Greycroft Closes Two Funds Worth $678 Million

Ben Bergman

Ben Bergman is the newsroom's senior finance reporter. Previously he was a senior business reporter and host at KPCC, a senior producer at Gimlet Media, a producer at NPR's Morning Edition, and produced two investigative documentaries for KCET. He has been a frequent on-air contributor to business coverage on NPR and Marketplace and has written for The New York Times and Columbia Journalism Review. Ben was a 2017-2018 Knight-Bagehot Fellow in Economic and Business Journalism at Columbia Business School. In his free time, he enjoys skiing, playing poker, and cheering on The Seattle Seahawks.

Greycroft Closes Two Funds Worth $678 Million

Greycroft is getting even bigger.

The Los Angeles and New York firm announced Tuesday it closed two new funds: Greycroft VI, a $310 million venture fund with an emphasis on early-stage investments, as well as Greycroft Growth III, a new growth-stage fund with more than $368 million in commitments.

As one of the earlier VC firms in Los Angeles and one of the few with a war chest large enough to write checks for later rounds of up to $50 million, Greycroft has boomed in the last 14 years. The firm has gone from raising $75 million to $2 billion in capital.


Its portfolio now spans 60 companies with $100 million-plus valuations, including nine "unicorns" valued at more than a billion dollars, including electric scooter company Bird, the dating site Bumble and video gamer-maker Scopely, which Greycroft infused with $200 million of follow-on capital this spring.

Greycroft also invested in the fashion resale site The RealReal, which went public last year in a $2.4 billion exit.

"Greycroft partners with entrepreneurs along their journey, providing capital and expertise to support their vision from seed funding to exit," Greycroft co-founder Ian Sigalow said in a prepared statement.

https://twitter.com/thebenbergman
ben@dot.la

Subscribe to our newsletter to catch every headline.

Cadence

How Real-Time Data Is Helping Physicians Track Their Patients, One Heartbeat at a Time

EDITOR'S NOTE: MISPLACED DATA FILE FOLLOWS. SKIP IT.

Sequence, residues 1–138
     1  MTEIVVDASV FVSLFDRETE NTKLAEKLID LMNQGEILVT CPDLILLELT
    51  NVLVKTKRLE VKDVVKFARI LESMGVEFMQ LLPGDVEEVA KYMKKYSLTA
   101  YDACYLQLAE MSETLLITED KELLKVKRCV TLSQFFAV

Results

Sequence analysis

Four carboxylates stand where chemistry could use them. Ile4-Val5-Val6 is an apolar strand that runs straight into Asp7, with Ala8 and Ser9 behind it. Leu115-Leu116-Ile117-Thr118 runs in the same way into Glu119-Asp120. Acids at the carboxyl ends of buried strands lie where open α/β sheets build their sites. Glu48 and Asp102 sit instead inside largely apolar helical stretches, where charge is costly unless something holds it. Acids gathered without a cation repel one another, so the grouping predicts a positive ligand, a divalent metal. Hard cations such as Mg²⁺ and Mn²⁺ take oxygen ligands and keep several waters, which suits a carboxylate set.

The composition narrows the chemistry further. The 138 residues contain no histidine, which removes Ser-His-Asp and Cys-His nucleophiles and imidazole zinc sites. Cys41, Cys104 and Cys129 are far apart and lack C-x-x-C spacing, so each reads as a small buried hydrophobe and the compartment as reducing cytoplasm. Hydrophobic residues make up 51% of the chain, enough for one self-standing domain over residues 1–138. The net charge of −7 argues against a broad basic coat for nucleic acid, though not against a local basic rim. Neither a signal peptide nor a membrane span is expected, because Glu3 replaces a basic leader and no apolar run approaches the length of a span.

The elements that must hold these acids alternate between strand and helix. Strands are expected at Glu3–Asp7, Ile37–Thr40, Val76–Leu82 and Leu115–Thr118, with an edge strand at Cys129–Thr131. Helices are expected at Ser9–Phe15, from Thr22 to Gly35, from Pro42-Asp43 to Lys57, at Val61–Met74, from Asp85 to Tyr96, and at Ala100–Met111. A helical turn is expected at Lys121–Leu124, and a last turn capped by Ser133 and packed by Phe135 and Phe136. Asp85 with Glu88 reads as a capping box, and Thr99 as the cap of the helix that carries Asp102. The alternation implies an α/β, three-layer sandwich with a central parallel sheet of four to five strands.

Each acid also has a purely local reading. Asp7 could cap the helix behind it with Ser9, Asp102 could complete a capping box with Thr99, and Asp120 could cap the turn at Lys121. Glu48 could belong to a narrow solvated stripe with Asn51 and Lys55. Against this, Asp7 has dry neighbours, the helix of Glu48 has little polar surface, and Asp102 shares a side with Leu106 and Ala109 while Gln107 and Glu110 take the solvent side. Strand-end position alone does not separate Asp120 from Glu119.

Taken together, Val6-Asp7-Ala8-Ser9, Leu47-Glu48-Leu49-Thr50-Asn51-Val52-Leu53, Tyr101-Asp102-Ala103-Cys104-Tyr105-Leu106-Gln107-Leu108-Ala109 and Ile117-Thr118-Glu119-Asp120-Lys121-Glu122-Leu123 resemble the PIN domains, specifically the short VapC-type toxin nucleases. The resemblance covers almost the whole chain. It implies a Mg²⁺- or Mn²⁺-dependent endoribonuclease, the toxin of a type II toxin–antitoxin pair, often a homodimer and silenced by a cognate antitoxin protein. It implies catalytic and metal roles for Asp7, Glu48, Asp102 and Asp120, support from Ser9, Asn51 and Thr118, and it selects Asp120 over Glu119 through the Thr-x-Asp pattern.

S.C. Stuart
S.C. Stuart is a foreign correspondent (ELLE China, Esquire Latin America), Contributing Writer at Ziff Davis PCMag, and consults as a futurist for Hollywood Studios. Previously, S.C. was the head of digital at Hearst Magazines International while serving as a Non-Executive Director, UK Trade & Investment (US) and Digital Advisor at The Smithsonian.
How Real-Time Data Is Helping Physicians Track Their Patients, One Heartbeat at a Time

Are you a human node on a health-based digital network?

According to research from Insider Intelligence, the U.S. smart wearable user market is poised to grow 25.5% in 2023. Which is to say, there are an increasing number of Angelenos walking around this city whose vital signs can be tracked day and night via their doctor's digital device. If you've signed up to a health-based portal via a workplace insurance scheme, or through a primary care provider's portal which utilizes Google Fit, you’re one of them.

Do you know your baseline health status and resting heartbeat? Can you track your pulse, and take your own blood pressure? Have you received genetic counseling based on the sequencing of your genome? Do you avoid dairy because it bloats, or because you know you possess the variant that indicates lactose intolerance?

Read moreShow less
RELATEDEDITOR'S PICKS
LA TECH JOBS
interchangeLA
Trending